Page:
For most of his 30 years, almost all of them in fact, these are the kinds of baseball players Tony Boyd has coached.

Here, on the mound: the big kid with the big delivery, grunting as he throws a heater that tops out at 80 mph. There, on the basepaths: the skinny kid who coaxed the ball into the gap with a mighty swat, then advanced to third on the throw and on home when the ball skipped away.

You can lead a full, satisfying, entirely rewarding career coaching kids like that in the spring, when the East Paulding High Raiders compete in the Georgia Five-A Region, or in the summer, on a day like this, during the more informal summer tournament circuit. These future teachers, lawyers, clerks, salesmen, they play hard for Tony Boyd.

“It’s a joyful way to make a living,” he says.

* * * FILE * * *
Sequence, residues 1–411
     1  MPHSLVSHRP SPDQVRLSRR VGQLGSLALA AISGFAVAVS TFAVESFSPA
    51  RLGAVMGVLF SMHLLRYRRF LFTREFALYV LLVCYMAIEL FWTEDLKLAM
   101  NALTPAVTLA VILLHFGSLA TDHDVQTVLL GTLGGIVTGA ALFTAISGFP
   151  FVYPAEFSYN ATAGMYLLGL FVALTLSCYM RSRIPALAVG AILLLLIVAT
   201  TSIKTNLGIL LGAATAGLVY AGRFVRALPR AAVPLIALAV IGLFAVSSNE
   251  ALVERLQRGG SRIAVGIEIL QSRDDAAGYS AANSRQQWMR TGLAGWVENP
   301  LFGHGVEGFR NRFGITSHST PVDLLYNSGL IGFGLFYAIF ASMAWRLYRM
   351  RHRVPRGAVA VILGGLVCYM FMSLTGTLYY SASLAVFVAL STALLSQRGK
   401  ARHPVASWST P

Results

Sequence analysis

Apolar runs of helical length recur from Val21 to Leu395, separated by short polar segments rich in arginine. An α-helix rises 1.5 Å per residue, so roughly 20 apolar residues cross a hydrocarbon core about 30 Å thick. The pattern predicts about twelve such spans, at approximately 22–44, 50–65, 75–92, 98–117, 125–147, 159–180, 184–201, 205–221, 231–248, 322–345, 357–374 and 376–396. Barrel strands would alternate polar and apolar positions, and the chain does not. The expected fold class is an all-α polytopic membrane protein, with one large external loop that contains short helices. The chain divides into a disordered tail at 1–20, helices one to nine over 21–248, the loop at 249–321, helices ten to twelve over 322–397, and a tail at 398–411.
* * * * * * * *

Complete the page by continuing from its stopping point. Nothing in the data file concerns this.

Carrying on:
And then there is the one that takes a coach’s breath away, even in memory. There is the one who, even as a 16-year-old sophomore, makes you gasp with wonder when you close your eyes and hear the baseball colliding with the catcher’s mitt, and who, by the time he’s a senior, makes you want to savor every second you get to spend around him.

For Tony Boyd, there was Zack Wheeler.

“Here’s what you do when you coach a kid like that,” Boyd says, sitting in the third-base bleachers at his home stadium, watching his summer team put an eight-spot up in the second inning on visiting Paulding County. “You make sure you don’t forget to put his name in the lineup every day.”

He laughs.

“You only get the privilege of coaching a player like that but once in a lifetime,” he says, “and you better not do anything to mess it up.”

The Raiders made the Georgia state final four in Wheeler’s senior year, 2009, when he went 9-0 with a 0.54 ERA and 151 strikeouts in 77 2/3 innings before the Giants selected him with the sixth pick in the draft. Two years later, at 21, just a relative handful of professional appearances under his belt, he was traded to the Mets for a borderline Hall of Famer, Carlos Beltran.